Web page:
9 December, 2022


Deterioration Of The Legal Intellect – IV

By Basil Fernando

Basil Fernando

Basil Fernando

Deterioration of the legal intellect: (4) – UNHRC finds fault with the police, the forensic pathologist, the Attorney General, and the Supreme Court

A determination issued by the United Nation’s Human Rights Committee on 1st April 2015, reveals extraordinary failures on the part of Sri Lankan State agencies – the police, the forensic pathologist, the Attorney General, and the Supreme Court – regarding a custodial death that took place at the Moragahahena Police Station on 26th July 2003. The following Committee Members participated in the examination of the case in question: Yadh Ben Achour, Lazhari Bouzid, Sarah Cleveland, Olivier de Frouville, Yuji Iwasawa, Ivana Jelic, Duncan Muhumuza Laki, Photini Pazartis, Mauro Politi, Sir Nigel Rodley, Victor Manuel Rodriguez-Rescia, Fabian Omar Salvioli, Dheerujlall B. Seetulsingh, Anja Seibert-Fohr, Yuval Shany, Konstantine Vardzelashvili, and Margo Waterval.

The facts of the case are that Sunil Hemachandra (Sunil) was once a healthy and a literate man with no criminal record. He was a daily paid labourer, mostly engaged in tapping of rubber and climbing trees for plucking coconuts.

His misfortunes began, ironically, when he won a lottery ticket of a little over 3 million rupees (approximately USD $25,000). Through the lottery agent, the Moragahahena police learned about Sunil having won the lottery; the Officer-in-Charge of the Moragahahena Police Station sent a police officer with the message that Sunil should arrive at the Station, along with his ticket, and stay there for his own safety. Sunil did not comply this request. Instead, he went with his mother and aunt, en-cashed his winning ticket, and immediately deposited it in his aunt’s bank account. Thereafter, he bought a van for 1.2 million rupees, a three-wheeler for one of his nieces, and gave 5,000 rupees to his nephew as a gift.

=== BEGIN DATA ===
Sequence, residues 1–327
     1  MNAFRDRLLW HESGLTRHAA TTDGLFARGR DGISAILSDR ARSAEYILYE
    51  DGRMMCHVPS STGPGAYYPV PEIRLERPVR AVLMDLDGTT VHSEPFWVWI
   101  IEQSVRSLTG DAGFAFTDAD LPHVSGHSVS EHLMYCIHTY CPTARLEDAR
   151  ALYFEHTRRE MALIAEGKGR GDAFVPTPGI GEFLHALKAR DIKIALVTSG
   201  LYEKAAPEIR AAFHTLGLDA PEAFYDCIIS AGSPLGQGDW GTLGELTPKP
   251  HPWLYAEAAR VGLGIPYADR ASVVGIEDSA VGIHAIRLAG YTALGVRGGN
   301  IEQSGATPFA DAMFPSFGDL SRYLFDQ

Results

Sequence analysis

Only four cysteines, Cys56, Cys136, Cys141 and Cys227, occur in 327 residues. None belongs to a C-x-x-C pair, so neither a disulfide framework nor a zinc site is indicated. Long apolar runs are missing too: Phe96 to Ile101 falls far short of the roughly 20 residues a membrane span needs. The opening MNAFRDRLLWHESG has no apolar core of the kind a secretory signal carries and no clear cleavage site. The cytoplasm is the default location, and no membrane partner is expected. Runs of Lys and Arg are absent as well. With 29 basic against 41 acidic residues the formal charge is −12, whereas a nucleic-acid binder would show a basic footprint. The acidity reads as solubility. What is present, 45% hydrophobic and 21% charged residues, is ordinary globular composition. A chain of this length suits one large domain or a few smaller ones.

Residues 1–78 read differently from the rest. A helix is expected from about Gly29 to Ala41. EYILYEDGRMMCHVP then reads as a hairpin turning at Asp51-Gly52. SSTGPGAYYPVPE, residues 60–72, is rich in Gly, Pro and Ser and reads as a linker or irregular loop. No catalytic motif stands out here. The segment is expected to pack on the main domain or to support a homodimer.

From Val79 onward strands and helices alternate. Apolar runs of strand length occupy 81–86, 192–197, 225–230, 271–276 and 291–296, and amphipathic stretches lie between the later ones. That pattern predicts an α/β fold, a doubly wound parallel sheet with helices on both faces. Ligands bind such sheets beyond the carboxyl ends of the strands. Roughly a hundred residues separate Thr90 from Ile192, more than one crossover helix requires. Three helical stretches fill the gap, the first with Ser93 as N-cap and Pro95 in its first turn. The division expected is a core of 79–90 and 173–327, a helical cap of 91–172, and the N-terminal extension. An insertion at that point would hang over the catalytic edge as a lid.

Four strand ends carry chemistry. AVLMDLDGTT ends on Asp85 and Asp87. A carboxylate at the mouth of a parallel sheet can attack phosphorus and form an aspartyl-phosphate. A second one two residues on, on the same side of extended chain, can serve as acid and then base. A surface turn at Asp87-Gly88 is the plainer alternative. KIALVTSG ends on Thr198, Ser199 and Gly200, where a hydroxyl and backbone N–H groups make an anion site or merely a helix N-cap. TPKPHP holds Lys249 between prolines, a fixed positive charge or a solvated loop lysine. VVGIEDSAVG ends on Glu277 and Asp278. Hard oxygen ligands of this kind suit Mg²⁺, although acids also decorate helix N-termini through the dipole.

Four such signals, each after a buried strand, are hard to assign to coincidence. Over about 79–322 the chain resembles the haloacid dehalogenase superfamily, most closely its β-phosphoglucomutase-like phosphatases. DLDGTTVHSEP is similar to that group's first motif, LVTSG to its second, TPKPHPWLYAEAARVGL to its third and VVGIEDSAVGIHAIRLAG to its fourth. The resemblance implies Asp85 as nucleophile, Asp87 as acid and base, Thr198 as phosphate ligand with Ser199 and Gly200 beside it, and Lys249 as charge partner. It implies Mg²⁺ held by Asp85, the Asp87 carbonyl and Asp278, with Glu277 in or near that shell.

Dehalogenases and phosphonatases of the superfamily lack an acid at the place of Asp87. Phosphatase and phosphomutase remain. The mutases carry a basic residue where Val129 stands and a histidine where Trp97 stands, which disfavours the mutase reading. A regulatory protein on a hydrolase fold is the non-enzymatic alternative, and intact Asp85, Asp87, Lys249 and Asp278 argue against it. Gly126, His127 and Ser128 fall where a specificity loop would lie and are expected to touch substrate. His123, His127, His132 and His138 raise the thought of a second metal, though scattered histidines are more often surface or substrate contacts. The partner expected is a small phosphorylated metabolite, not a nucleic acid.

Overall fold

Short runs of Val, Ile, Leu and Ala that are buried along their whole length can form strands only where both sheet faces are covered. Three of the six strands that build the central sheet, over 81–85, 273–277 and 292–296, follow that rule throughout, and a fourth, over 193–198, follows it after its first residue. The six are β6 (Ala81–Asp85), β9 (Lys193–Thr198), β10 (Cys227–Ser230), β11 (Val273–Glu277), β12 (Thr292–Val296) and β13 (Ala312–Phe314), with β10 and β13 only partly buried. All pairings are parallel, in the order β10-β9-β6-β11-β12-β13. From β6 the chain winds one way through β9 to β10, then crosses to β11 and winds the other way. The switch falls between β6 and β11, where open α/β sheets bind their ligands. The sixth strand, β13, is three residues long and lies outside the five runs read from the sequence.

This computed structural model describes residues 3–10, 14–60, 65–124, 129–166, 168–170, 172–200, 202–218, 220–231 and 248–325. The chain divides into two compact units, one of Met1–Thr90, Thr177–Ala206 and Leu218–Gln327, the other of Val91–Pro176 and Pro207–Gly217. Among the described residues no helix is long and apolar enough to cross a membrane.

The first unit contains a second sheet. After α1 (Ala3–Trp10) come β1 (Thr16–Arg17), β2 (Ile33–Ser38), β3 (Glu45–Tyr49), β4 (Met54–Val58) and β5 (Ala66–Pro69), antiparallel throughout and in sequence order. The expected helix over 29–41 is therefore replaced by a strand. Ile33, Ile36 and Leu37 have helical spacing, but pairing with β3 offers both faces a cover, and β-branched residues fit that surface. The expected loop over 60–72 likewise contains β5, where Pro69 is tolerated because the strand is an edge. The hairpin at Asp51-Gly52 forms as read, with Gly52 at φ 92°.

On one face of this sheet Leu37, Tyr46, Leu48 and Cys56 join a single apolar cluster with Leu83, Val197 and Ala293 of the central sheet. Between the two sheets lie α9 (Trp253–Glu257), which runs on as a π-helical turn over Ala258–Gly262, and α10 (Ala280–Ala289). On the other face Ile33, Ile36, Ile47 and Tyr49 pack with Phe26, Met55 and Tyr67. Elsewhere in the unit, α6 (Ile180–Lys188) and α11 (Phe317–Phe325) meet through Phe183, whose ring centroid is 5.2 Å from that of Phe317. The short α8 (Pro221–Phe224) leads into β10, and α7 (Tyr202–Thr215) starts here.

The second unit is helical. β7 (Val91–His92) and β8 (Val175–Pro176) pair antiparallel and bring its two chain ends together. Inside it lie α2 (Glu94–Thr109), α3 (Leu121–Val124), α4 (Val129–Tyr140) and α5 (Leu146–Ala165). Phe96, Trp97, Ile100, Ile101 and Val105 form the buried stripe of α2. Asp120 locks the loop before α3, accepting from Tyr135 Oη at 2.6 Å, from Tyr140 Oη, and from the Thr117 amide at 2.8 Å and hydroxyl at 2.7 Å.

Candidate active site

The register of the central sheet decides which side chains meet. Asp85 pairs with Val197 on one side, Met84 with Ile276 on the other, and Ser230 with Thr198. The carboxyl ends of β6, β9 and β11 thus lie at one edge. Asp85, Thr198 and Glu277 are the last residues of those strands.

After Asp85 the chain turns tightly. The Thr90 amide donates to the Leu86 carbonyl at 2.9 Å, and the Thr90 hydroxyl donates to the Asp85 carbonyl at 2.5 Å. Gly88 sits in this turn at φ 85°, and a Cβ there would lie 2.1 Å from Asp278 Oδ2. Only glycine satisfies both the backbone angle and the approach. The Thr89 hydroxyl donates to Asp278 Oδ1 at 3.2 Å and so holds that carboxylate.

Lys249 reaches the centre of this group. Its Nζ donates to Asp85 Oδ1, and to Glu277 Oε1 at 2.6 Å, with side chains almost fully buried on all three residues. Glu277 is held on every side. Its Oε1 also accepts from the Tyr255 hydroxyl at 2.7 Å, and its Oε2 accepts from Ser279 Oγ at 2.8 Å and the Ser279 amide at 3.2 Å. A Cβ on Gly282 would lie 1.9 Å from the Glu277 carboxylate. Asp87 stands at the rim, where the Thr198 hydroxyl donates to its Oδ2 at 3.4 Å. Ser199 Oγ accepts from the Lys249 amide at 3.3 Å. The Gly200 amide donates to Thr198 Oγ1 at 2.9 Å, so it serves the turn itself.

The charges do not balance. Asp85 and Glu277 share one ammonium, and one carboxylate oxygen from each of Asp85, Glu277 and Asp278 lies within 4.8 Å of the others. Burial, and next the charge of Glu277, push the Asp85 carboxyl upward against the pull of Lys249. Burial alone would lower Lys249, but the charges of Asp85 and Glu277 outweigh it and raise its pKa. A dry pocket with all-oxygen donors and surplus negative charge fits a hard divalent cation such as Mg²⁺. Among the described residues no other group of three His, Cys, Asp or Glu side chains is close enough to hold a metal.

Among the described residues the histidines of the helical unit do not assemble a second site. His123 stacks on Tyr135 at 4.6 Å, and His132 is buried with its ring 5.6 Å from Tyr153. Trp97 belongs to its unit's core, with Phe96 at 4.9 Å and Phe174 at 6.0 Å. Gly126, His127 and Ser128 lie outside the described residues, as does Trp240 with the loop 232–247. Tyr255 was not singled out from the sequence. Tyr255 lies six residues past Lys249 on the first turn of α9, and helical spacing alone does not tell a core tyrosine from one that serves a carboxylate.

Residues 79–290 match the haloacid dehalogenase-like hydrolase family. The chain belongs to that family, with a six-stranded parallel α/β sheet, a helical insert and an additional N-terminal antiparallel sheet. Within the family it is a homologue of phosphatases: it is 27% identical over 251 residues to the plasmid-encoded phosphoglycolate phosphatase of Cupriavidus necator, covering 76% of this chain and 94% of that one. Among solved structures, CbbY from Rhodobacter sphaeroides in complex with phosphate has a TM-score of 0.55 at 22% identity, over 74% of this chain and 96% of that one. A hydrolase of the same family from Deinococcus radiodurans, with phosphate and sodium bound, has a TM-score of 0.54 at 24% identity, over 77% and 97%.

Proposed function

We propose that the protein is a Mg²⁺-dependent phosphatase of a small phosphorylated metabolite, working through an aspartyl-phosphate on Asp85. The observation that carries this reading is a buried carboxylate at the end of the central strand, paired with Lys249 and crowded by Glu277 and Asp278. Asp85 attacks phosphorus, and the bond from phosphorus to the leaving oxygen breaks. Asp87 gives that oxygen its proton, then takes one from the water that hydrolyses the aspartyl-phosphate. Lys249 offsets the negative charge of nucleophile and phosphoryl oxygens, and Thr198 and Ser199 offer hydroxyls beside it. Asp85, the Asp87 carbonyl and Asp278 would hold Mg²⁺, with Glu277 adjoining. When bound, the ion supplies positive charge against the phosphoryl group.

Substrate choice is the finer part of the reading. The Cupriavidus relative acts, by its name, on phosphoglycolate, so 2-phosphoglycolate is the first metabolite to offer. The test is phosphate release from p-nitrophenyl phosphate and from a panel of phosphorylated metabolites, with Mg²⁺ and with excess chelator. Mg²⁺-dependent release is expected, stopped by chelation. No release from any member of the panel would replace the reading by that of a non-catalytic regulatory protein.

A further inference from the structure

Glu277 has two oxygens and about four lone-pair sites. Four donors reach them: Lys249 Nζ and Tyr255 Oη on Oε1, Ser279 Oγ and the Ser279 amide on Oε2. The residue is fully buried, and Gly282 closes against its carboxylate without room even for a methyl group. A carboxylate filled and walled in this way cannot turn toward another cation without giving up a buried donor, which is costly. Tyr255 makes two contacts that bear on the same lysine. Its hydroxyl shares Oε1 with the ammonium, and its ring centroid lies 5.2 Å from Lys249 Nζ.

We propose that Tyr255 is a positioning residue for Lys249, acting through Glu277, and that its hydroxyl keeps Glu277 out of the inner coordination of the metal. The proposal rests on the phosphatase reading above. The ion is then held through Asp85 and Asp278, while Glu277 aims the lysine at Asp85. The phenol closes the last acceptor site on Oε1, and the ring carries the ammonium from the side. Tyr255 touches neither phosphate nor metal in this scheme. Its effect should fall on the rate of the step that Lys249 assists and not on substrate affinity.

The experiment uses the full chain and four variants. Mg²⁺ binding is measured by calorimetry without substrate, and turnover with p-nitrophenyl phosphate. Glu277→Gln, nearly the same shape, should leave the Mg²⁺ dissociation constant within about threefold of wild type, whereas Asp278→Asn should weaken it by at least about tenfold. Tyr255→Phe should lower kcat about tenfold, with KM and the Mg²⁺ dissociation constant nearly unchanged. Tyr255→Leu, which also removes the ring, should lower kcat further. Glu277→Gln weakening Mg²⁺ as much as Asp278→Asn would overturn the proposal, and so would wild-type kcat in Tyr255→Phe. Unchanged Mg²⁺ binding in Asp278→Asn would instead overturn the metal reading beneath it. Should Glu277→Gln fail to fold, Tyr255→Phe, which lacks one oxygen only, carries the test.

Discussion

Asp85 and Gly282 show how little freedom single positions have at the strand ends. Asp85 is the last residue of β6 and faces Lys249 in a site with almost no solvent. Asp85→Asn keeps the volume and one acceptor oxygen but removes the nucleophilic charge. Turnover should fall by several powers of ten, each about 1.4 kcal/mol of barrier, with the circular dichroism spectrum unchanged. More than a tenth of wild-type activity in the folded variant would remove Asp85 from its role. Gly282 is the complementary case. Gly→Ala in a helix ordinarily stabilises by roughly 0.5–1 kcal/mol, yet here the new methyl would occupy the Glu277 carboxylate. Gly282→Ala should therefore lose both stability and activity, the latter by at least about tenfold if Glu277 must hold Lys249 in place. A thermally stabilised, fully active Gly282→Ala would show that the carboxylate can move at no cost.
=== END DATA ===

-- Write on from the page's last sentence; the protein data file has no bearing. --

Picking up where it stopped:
A few weeks later, a team of police officers from the Moragahahena Police Station came looking for Sunil; they inquired from his aunt whether Sunil had spent his lottery money. One of the police officers warned, “his [Sunil’s] happiness would not last long”. The police officers left a message for Sunil to report to the Moragahahena Police Station.

On the same day, Sunil, accompanied by an acquaintance, Chanaka, and along with the son of the lottery agent, Lionel, went to the police station. At the Police Station, one of the police officers (a Sub Inspector) requested Sunil to pay money as “support”. Sunil had replied that the money was not with him and declined to pay. The same police officer then insisted on the payment of 25,000 Rupees “to cover the expenses of a procession of the Vidyaratne Temple in Horana”, to which Sunil agreed.

On 22nd July 2003, five police officers from the same police station arrived in a vehicle at Sunil’s aunt’s house and, seeing him asleep in his room, identified him as being “the one who won the lottery” and then they proceeded to beat him, which included hitting him on his head. The police officers proceeded to arrest Sunil and Chanaka and continued beating Sunil at the time of the arrest and during the ride in the police jeep to the police station, when he was hit on his head and in his abdomen. Chanaka was hit in the face, several times, when he asked the officers to stop beating Sunil.

Sunil and Chanaka were taken to the Moragahahena Police Station and placed in a small cell with several other detainees. Next morning, Chanaka found that Sunil was visibly unwell and was bleeding from his nose and his mouth, and was not able to stand. Chanaka alerted the police officers of Sunil’s critical health condition. However, the officers merely asked Chanaka to take Sunil to the backyard and to wipe the blood off his face. The bleeding however, continued uninterrupted from his nose and mouth and Sunil began vomiting blood clots. One of the police officers directed Chanaka to give Sunil an iron rod to hold, which is done in the case of epileptic attacks.